I always argue that we are 14 years into the 21st century so why do we still use that term when describing teachers, students, technology and tools. A great argument as far as I am concerned. Then someone brought to my attention that every grade 8 in our building was born in 2000 or 2001. You could hear the brain matter shift, turn, implode and explode in my head. I had never thought of it like that.
My mind was blown.
I don’t much care for the term “21st century” anything when it comes to education. It’s a buzzword – and close to 15 years old. I have said that before and am saying it again now. I have only taught in the 21st century – I went to university in the 21st century! And I have been teaching for almost 9 years now!!
A matter of perspective. Forget that it is almost 2015, and think about this next paragraph.
Every student in my school is a 21st century student – or just student, for short. Think about that. They only know “21st century” anything – school, the movies, games, apps, friendships, trends etc. Its all “21st century”.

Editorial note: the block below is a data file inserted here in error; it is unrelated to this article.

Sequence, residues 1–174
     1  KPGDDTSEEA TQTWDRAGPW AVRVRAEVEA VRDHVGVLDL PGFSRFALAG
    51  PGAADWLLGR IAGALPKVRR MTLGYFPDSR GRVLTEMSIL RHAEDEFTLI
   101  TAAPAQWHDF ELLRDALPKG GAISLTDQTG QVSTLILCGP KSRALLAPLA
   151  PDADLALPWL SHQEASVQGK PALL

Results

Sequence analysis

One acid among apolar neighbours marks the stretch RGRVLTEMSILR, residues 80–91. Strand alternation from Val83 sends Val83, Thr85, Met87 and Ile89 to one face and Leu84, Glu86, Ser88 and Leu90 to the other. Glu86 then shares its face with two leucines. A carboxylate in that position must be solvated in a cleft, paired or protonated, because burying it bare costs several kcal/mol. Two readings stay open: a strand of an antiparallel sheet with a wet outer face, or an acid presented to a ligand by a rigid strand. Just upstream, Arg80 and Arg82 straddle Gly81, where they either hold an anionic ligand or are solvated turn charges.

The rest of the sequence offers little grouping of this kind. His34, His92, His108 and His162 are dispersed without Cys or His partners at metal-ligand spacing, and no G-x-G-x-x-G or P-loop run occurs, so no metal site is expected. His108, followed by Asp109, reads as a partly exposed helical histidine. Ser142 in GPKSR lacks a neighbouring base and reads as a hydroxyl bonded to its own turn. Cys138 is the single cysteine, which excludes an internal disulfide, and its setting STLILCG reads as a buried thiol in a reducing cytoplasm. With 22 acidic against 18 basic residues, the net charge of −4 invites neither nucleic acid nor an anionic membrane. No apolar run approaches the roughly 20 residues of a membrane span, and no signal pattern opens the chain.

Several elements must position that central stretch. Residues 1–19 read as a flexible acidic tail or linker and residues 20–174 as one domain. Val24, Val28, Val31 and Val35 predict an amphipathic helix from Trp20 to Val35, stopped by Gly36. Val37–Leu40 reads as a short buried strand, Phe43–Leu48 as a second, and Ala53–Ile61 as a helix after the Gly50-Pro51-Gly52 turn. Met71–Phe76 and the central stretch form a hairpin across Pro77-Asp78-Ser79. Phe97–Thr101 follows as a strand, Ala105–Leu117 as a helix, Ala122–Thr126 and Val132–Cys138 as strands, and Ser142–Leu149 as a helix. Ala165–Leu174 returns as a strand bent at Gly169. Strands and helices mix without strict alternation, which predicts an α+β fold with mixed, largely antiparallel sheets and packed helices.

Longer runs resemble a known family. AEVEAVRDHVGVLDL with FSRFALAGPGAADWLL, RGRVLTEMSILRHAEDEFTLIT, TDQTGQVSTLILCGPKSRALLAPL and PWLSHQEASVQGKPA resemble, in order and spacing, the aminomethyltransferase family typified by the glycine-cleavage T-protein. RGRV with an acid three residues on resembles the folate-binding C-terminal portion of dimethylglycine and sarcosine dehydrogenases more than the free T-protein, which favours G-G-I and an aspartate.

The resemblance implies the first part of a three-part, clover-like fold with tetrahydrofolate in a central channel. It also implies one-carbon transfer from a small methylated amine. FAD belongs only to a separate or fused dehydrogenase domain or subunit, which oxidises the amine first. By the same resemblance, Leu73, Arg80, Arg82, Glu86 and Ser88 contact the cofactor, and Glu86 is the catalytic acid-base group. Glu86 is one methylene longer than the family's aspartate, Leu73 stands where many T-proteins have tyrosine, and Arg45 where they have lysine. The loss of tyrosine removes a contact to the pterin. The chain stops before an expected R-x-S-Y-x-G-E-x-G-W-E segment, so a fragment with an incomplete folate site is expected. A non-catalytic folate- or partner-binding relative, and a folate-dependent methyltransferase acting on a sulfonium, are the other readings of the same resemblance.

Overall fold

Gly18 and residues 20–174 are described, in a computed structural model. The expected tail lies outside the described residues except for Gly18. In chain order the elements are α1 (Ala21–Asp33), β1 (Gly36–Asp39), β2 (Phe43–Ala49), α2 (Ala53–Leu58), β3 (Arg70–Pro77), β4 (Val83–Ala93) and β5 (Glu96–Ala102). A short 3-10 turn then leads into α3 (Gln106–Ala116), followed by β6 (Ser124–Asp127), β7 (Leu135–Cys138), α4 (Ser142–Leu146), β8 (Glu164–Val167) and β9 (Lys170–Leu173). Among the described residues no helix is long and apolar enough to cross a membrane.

Let me also point out that a century is 100 years. What are we really preparing for? Maybe we should call it “decade teaching” or “decade learning” as my students will hit college or university in this decade. Work too, for many.
I don’t mean to sound negative, but I am curious as to why we throw out the terms. Almost like a justification that the “current practices” we do are right, because they are “modern”. The reality is we love buzzwords. My good buddy Bill made me think of this today – thanks @mrbillforrester. Genious hour, growth mindset, inquiry – all buzzy. But we need the labels – and so do students. It’s comforting, and that’s OK.
I just question the “21st century” – its been too long, and we have 85 years to go in this century. If you think “maker space” or “coding” is 21st century – then I hope you watch the video below from 1972. Thanks to someone I have in high regard – Peter Skillen – for making me think at #bit14.
Seymour Aubrey Papert (born February 29, 1928) is an MIT mathematician, computer scientist, and educator. He is one of the pioneers of artificial intelligence, as well as an inventor of the Logo programming language.
What do you think? Is “21st century” a blanket for something more? Can we rename it? Do we need the label?